marker_color='indianred', text="counts"))
fig.update_layout({"title": 'Tweets about Malioboro from Jan 2020 to Jan 2021',
"xaxis": {"title":"Months"},
"yaxis": {"title":"Total tweets"},
"showlegend": False})
fig.write_image("by-month.png",format="png", width=1000, height=600, scale=3)
fig.show()

Plotting by Month in A Bar Chart

fig = go.Figure(data=go.Bar(x=df_month['month'].astype(dtype=str), 
y=df_month['counts'],
marker_color='indianred', text="counts"))
fig.update_layout({"title": 'Tweets about Malioboro from Jan 2020 to Jan 2021',
"xaxis": {"title":"Months"},
"yaxis": {"title":"Total tweets"},
"showlegend": False})

fig.show()

Plotting by Day

You can also make a more detailed chart that shows the trend day by day, but I don't suggest this for a longer time data (say, three years or more) because the lines would become really confusing and harder to read.

We do this by creating a data frame that stores the number of tweets day by day.

by_date = pd.Series(df['date']).value_counts().sort_index()
by_date.index = pd.DatetimeIndex(by_date.index)
df_date = by_date.rename_axis('date').reset_index(name='counts')
df_date
fig = go.Figure(data=go.Scatter(x=df_date['date'].astype(dtype=str), 
y=df_date['counts'],
marker_color='black', text="counts"))
fig.update_layout({"title": 'Tweets about Malioboro from Jan 2020 to Jan 2021 Day by Day',
"xaxis": {"title":"Time"},
"yaxis": {"title":"Total tweets"},
"showlegend": False})
fig.show()

This chart looks very interesting because now you can see the peaks on certain dates. There must be something important occurring during those days that caused Twitter to talk about Malioboro more than usual.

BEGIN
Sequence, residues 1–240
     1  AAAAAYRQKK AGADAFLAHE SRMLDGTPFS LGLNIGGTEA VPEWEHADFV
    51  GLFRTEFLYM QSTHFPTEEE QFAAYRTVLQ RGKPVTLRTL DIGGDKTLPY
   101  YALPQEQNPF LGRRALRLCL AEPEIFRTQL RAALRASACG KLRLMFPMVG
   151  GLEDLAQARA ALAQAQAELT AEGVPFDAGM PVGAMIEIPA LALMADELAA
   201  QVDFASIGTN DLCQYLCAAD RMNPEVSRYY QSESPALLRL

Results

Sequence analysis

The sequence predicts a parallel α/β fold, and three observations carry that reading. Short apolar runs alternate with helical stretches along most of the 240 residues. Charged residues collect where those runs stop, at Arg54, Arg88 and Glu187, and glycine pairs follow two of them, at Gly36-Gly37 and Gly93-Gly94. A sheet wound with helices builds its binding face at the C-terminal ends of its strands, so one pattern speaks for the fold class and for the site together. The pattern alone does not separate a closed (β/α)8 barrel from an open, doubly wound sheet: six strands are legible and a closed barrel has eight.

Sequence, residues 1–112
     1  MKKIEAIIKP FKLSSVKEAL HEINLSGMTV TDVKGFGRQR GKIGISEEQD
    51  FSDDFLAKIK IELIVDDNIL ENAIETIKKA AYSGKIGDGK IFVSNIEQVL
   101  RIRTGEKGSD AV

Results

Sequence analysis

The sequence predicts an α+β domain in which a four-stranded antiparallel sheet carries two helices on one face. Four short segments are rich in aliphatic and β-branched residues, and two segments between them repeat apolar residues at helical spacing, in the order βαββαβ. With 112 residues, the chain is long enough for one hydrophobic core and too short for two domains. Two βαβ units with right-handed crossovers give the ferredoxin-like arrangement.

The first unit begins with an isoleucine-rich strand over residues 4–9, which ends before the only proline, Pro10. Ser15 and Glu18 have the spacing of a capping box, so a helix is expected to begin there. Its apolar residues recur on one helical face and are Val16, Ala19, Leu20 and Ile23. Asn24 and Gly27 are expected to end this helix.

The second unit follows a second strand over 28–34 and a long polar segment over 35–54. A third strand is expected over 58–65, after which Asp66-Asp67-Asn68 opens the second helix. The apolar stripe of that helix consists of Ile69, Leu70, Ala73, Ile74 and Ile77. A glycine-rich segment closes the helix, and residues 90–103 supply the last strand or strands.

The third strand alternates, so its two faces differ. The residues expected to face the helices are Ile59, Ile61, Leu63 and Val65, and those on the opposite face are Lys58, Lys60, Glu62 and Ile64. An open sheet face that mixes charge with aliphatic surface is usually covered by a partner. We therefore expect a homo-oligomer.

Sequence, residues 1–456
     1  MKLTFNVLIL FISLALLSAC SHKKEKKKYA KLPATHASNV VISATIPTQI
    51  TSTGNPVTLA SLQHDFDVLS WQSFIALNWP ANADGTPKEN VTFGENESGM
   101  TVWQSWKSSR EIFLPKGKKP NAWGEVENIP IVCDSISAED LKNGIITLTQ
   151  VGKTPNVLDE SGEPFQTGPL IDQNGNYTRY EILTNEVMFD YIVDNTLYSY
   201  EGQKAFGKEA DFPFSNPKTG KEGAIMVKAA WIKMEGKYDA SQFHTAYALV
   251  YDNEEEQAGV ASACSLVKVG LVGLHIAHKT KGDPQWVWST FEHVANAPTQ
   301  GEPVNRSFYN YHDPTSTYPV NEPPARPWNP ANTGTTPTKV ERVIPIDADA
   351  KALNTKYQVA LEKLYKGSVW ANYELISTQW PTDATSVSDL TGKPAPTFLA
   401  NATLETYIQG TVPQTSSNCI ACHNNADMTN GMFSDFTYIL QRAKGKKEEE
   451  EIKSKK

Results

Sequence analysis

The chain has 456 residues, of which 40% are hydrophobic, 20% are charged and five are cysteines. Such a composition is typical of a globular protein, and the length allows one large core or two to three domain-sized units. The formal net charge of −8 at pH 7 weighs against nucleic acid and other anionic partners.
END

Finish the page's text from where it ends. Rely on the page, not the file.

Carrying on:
I am going to highlight these important dates by putting some dots to show their significance in the data.

Here I am going to get the top three peak dates and store them in a data frame.

top_dates = df_date.sort_values(by=['counts'],ascending=False).head(3)
vals = []
for tgl, tot in zip(top_dates["date"], top_dates["counts"]):
tgl = tgl.strftime("%d %B")
val = "%d (%s)"%(tot, tgl)
vals.append(val)
top_dates['tgl'] = vals
top_dates

Then I use this data frame to put notes on the chart. It’s pretty similar to the previous chart we have made, but it has some points that highlight these dates.

fig = go.Figure(data=go.Scatter(x=df_date['date'].astype(dtype=str), 
y=df_date['counts'],
marker_color='black', text="counts"))
fig.update_layout({"title": 'Tweets about Malioboro from Jan 2020 to Jan 2021 Day by Day',
"xaxis": {"title":"Time"},
"yaxis": {"title":"Total tweets"},
"showlegend": False})
fig.add_traces(go.Scatter(x=top_dates['date'], y=top_dates['counts'],
textposition='top left',
textfont=dict(color='#233a77'),
mode='markers+text',
marker=dict(color='red', size=6),
text = top_dates["tgl"]))
fig.show()

You can change the text shown on the points with any text you want, for example, you can use that to write down some notes about the events that caused the peak points.

These charts are interesting, but without a story to accompany them, the readers wouldn't get many clues.

In my case, Oct 4 and Oct 8 became the peak points in the chart because there’s a huge demonstration that happened in Malioboro during those dates. Twitter users were quick to update the situations which caused the term Malioboro to trend and became the talk of the news.

On Dec 31 another peak point happened because the local Governments decided not to lockdown or restrict Malioboro during New Year's Eve despite the increasing number of COVID-19 cases in Yogyakarta. Users on Twitter immediately joined in the controversies by tweeting their opinion.

These charts and context have hopefully created some kind of story about our data.

In short, plotting time series data using Plotly are actually pretty simple and straightforward. If you still find some things confusing, that's okay, you don't have to get everything on the first try because sometimes it takes some time to get used to.

Hopefully, you find this tutorial easy to follow, otherwise hit me up with some comments!

You can look at the whole code I used in this article on my Github Repository below. Thanks for reading!